NEW YORK -- With theMetsplaying its worst baseball of the season and threatening to fade from contention for a postseason spot, manager Terry Collins went after his team in a postgame news conferenceand lit into them in a closed-door meeting that lasted about 20 minutes.
In a nearly four-minute rant after a 9-0 loss to Arizona at Citi Field that gave the lowly Diamondbacks a three-game sweep, Collins questioned the effort of his players and threatened to find players in the minor league system that would give the expected effort if the ones on the 25-man roster did not.
He then stalked out of the interview room and spoke to his team.
"They are Major League Baseball players. I don't care where they came from. I don't care how they got here," Collins simmered at the start of his rant. "The names on their backs and on the front of their uniforms say they are a Major League Baseball player. You come (here), you owe a responsibility to the fans, our fan base and the organization -- to yourself -- the respect for this game to grind it out."
"Starting tomorrow we're going to get after it," Collins concluded. "And those that don't want to get after it? I'll find some who do. Because in Las Vegas there is a whole clubhouse of guys that want to sit in this room. And that's all I have to say."
The loss was the Mets 11th in 15 games and dropped them to 57-57, but it was dispiriting to be swept by a team that arrived in Queens 21 games under .500.
They managed just four hits to suffer their first shutout since June 28. And they gave up four more stolen bases (including one by pitcher Braden Shipley); Arizona's 13 for the three-game series was the most the Mets have allowed in a series since 1990. There was a wild pitch. There was a passed ball.
Still, the Mets stand three games back for the second NL wild card spot but have three teams to leapfrog to get there.
Collins may very well have been making the final move he can to pull his team out of a funk before it costs him his job. By leaving the room after the rant, he did not take questions about his job security. That might have been intentional. But he also did not shirk responsibility for the state of the team.
"They got here because of the grind-it-out at-bats. That's how they got here because that's how this organization has been built the last few years. We know it's possible," Collins said. "And yes, some guys are having a bad time, but you cannot say 'woe is me' at this level. You cannot do it. Everybody is too good here.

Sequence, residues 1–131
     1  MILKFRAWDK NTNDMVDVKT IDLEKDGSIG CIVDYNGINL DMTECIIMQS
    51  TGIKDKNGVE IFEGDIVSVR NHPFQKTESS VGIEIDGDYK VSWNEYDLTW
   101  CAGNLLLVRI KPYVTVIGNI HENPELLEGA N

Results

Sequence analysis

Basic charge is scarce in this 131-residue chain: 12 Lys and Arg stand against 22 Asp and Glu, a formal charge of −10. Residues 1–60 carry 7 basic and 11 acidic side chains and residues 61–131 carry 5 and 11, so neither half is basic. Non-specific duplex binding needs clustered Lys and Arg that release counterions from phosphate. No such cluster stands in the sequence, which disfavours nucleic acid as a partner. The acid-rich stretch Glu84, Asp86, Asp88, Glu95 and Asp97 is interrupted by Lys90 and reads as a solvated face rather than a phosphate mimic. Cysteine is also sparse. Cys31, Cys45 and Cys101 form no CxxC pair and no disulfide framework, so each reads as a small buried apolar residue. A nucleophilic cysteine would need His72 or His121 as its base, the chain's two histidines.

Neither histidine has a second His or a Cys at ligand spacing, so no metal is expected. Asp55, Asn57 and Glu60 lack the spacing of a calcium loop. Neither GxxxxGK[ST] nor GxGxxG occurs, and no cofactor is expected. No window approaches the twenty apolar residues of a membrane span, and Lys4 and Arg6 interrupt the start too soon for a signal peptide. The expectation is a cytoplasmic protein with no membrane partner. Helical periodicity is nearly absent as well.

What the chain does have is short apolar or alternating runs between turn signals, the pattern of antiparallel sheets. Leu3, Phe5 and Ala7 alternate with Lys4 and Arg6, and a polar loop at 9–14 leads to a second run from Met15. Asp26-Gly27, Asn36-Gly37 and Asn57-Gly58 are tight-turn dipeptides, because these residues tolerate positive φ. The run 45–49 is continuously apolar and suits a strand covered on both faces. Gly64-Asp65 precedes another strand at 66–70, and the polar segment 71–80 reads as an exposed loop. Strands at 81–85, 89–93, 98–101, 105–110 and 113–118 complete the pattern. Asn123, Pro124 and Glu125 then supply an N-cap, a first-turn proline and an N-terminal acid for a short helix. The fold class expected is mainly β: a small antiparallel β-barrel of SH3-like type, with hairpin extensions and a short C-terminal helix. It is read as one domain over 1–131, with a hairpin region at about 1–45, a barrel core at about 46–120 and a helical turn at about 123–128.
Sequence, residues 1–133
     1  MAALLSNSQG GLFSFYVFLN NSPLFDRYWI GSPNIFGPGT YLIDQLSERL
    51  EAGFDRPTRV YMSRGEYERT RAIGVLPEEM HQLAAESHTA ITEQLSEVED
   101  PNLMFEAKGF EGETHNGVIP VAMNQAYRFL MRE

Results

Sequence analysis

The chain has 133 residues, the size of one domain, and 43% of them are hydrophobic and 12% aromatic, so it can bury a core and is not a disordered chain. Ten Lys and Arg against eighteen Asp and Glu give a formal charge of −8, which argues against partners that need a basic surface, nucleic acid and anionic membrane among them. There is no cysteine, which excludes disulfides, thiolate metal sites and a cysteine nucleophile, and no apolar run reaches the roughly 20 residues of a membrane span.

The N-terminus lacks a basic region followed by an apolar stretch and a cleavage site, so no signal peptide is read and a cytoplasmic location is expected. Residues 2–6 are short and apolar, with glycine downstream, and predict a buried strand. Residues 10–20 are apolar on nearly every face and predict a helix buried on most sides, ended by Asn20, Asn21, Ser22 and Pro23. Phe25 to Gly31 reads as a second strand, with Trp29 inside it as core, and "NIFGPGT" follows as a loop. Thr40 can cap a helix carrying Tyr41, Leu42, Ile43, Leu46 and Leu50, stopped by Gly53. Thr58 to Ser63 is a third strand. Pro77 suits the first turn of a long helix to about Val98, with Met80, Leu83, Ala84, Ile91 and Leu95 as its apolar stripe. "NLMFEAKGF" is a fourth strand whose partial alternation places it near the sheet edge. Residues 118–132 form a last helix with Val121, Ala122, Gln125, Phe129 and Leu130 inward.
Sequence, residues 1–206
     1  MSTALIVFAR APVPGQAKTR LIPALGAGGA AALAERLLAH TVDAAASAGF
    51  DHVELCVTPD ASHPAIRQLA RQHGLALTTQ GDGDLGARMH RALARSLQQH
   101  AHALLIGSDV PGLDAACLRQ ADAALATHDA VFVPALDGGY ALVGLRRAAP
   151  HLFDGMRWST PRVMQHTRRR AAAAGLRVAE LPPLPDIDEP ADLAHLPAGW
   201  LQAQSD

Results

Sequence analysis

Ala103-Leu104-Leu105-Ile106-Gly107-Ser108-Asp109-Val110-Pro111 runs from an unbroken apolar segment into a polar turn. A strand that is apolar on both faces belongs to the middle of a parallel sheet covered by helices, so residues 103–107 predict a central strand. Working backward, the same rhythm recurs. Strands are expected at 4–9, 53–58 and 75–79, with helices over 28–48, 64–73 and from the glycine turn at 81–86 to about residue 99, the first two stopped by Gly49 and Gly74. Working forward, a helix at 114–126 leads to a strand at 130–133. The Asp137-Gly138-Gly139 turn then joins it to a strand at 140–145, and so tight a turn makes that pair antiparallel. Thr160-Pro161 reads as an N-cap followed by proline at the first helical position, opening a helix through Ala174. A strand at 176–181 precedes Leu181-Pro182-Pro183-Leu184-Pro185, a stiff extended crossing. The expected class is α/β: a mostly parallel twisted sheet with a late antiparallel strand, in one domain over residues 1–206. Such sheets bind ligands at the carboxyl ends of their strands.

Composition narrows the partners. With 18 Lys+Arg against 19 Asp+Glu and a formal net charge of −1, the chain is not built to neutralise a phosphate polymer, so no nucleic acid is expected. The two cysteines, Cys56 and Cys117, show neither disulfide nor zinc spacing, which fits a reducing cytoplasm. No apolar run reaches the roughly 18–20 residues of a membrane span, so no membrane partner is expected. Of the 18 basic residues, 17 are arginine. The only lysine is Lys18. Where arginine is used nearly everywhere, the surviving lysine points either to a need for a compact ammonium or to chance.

"Nobody feels sorry for you because everybody's been humbled. Those who get out of it, stay here a long time. Those who don't, you keep looking up and they keep getting a little time here and a little time there but they don't stay. I want the ones who can stay.
"It's my responsibility. I get it. I write the lineup every day. I am the one who decides who comes in to pitch. You know what? That's my job -- I'll stand up and be accountable. That's what I do. But I know one thing: there has to be passion to come and play. There better not be a sense of 'this is what I do for a living.' People who pay to see me play are going to see my best effort."
According to some in the clubhouse, a few players also spoke after Collins got after them.
"No berating, nothing about that," Neil Walker said of Collins' meeting. "It's about keeping the positive, putting the blinders on, coming here on a daily basis with energy and playing hard."
Said Kelly Johnson: "He's the manager of the team. Coming in from his perspective, he can speak his mind and get out what he wants to get out. I think we have a good group of guys that can take it and learn from it, hear it and use it to get batter. When you have a group that pushes back and goes in different directions, that when things go downhill. But we don't have that group. ... This is one of the best clubhouses I've ever been in."
Collins didn't single any one player out for blame, but did hold up walker as an example. On a fly out, he was at second base when the ball came down.
"That's how you play the game," Collins said. "Not throw your hands up, stop at first at the 45-foot line. You play the game correctly. Every one of us is responsible."